Monday, July 05, 2010

Lula, Celso Amorim and Me

Actually there's nothing about Lula and me, but I did have a run-in with his Foreign Minister, Celso Amorim. While I was the science officer at the US embassy in Brasilia, the US proposed a high level science exchange. At that time, Celso Amorim was the foreign policy advisor assigned to the Science Ministry. The Science Minister and I actually had a good working relationship. Things were going along relatively smoothly until Celso Amorim got involved. He was a real Brazilian nationalist, and was very suspicious that the US had some nefarious intention for promoting the cooperation. Brazil has been suspicious of US scientific cooperation for many years, since an American discovered the huge mountain of iron ore in Brazil that became Vale do Rio Doce, now one of the world's biggest iron producers.

When Celso Amorim became involved, the negotiations for the joint scientific meeting went from being cordial to adversarial. I finally felt that I had hit a dead end and asked the ambassador's office for some help. Presumably somebody from high up in Itamaraty, the Foreign Ministry, told Celso to be more cooperative, and we eventually reached agreement on the meeting. Celso and Lula probably share a Brazilian nationalism which was probably a factor in Brazil's recent involvement in Iran's offer to ship some enriched uranium to Turkey in return for more highly enriched uranium for its research reactor.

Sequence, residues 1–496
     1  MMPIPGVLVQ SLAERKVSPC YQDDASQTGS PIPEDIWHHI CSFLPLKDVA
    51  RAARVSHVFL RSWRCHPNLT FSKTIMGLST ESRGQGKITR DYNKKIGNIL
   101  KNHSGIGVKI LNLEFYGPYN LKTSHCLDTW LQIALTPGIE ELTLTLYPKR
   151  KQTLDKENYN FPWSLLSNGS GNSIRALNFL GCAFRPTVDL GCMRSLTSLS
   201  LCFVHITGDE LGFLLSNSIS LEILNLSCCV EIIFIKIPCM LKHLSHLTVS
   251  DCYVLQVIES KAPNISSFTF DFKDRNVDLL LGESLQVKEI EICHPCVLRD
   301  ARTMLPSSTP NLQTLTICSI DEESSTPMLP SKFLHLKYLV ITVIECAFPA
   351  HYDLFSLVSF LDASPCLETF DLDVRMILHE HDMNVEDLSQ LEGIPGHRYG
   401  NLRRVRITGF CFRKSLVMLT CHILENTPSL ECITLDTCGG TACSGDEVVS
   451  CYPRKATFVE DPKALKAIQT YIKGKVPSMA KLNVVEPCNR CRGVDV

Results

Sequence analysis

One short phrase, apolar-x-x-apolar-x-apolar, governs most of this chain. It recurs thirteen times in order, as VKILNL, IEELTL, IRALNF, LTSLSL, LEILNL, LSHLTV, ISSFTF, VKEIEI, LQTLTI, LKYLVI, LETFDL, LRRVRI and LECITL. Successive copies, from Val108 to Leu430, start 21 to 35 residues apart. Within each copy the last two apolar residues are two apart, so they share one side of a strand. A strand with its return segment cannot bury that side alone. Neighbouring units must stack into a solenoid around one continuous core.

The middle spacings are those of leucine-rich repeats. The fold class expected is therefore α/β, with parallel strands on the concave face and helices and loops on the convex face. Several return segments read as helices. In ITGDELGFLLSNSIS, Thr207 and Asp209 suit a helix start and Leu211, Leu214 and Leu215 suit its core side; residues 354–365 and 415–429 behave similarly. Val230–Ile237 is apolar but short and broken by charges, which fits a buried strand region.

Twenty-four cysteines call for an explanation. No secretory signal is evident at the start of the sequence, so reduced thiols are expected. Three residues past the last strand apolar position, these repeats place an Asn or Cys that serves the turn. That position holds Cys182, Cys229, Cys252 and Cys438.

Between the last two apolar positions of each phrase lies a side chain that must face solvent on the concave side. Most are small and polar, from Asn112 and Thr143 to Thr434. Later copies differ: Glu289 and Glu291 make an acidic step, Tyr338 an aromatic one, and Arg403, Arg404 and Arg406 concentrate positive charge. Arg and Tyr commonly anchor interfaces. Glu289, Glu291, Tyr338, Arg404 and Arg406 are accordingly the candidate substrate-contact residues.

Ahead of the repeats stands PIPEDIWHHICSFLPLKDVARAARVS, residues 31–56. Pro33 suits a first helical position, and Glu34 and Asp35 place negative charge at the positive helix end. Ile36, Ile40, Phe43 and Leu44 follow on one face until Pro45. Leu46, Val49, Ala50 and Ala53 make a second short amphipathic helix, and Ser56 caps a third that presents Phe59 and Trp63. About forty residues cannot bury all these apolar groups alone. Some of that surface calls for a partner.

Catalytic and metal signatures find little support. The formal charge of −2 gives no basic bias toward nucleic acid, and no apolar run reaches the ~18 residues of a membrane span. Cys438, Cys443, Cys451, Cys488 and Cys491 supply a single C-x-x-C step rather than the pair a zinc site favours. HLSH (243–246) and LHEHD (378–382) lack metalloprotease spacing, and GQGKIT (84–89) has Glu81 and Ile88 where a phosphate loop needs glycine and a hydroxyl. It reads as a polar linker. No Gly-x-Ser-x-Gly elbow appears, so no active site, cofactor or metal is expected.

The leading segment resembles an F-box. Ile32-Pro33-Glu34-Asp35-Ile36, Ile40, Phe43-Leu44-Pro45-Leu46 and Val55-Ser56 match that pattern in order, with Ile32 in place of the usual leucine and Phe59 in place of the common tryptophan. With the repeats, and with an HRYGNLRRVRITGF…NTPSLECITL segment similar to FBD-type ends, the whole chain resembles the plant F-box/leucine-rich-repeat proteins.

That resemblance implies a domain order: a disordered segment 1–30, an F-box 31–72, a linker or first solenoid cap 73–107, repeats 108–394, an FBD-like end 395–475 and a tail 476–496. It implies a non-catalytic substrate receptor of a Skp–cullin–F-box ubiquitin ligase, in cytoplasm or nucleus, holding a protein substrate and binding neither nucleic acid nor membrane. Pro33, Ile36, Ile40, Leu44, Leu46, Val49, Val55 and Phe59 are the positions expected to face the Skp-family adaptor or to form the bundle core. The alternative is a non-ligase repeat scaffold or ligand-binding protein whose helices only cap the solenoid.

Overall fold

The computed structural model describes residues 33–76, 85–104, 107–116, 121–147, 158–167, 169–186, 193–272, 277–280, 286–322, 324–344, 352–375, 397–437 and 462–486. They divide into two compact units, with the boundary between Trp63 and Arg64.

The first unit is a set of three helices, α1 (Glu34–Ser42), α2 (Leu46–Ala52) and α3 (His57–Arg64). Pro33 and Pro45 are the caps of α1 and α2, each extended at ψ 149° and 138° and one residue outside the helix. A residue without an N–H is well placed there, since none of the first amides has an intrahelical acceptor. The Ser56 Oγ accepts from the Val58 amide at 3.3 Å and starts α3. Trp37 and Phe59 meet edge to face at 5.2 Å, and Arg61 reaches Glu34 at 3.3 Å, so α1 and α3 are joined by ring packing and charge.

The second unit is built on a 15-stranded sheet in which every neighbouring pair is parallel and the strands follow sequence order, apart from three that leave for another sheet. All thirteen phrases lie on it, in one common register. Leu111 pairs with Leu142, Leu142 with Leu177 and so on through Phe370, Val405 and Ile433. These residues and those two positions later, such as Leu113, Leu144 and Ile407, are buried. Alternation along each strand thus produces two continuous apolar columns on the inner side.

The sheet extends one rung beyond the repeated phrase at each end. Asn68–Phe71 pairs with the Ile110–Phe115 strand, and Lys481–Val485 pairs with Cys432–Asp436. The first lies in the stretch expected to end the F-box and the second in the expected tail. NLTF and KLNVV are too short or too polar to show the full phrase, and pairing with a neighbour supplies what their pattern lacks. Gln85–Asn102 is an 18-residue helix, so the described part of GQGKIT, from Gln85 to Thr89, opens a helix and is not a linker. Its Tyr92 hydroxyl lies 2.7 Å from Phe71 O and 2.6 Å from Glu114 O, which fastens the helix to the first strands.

Brazil no doubt sympathizes with Iran because it faced a similar problem created by the United States. Back in the 1970s, Brazil bought a nuclear reactor from Westinghouse in the US. Just before the reactor was finished, then Senator John Glenn passed a law that prevented the US from supplying fuel for the reactor unless Brazil agreed to "full scope safeguards" under the Nuclear Non-Proliferation Treaty, which had not been part of the original agreement. Brazil was then a party to the Tlatelolco Treaty on peaceful uses of nuclear energy in Latin America, but not the NPT, which it considered discriminatory because of the different ways it treated nuclear and non-nuclear countries. When the US changed the terms of the sale, Brazil balked. It then had a billion dollar reactor, and no fuel for it. It embarked on a program to develop a fuel cycle to produce its own reactor fuel, which could have enabled it to produce weapons grade uranium, placing it in much the same situation Iran is today. The Brazilian situation was defused (I would like to think) partly due to my efforts while science officer there. But no doubt the Brazilians, including Celso Amorim who was in Itamarty at the time, have a keen appreciation for Iran's situation.

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